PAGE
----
In Democracy Promotion, Democrats do not Outperform Trump
A criticism that is recurrently, and understandably, made of President Donald Trump relates to his unhidden reluctance to place the defense of human rights among the salient objectives of his administration’s foreign policy. His speech to the UN General Assembly, delivered last September, left no doubt about his views. Indeed, in addressing the countries of the world on that occasion, he unabashedly affirmed, “The United States will not tell you how to live, or work or worship. We ask only that you honor our sovereignty in return.” Said in other words: America will have no quarrel with what you do to your own people; we only ask you not to impinge on our core interests.
By taking that stance, President Trump broke away from a longstanding American tradition. Since the times of Woodrow Wilson, democracy promotion has figured among official U.S. foreign policy priorities. The advancement of democracy has been advocated, not for the sake of magnanimity, but on the grounds that the U.S. stands to gain, in terms of geopolitical weight, by making the camp of democracies as strong as possible vis-à-vis dictatorships.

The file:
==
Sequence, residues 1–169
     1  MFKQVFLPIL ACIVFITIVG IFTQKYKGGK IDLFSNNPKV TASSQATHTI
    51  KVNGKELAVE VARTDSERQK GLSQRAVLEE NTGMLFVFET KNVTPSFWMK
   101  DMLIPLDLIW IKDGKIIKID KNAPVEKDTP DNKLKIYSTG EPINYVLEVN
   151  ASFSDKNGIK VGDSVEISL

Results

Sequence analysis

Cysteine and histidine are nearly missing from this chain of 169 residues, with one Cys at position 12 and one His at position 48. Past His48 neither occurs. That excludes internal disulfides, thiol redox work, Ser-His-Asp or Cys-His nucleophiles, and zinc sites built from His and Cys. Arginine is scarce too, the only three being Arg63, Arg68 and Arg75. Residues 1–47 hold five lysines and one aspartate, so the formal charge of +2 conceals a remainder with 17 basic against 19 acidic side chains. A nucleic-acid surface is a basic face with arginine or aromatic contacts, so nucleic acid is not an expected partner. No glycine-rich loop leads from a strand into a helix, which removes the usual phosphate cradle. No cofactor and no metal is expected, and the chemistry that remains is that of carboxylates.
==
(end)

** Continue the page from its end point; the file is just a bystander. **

True, that proclaimed defense of democracy has often remained dead. There have been circumstances under which the U.S. has supported dictatorships or turned a blind eye to human rights violations perpetrated by partners and foes. No U.S. president, however, had formally departed from that position in so an explicit manner as Donald Trump has done.
Trump’s attitude has opened a window of opportunity for Democratic presidential hopefuls to play the contrarian and blame him for “cozying up to dictators and casting aside democratic allies abroad,” a tack that The Atlantic’s staff writer Uri Friedman has qualified as the Democrats’ “battle cry” for 2020.
The problem is that neither in the light of past experience nor on the grounds of what they are proposing in the context of the 2020 presidential contest, can Democrats claim to have the moral high ground with this issue.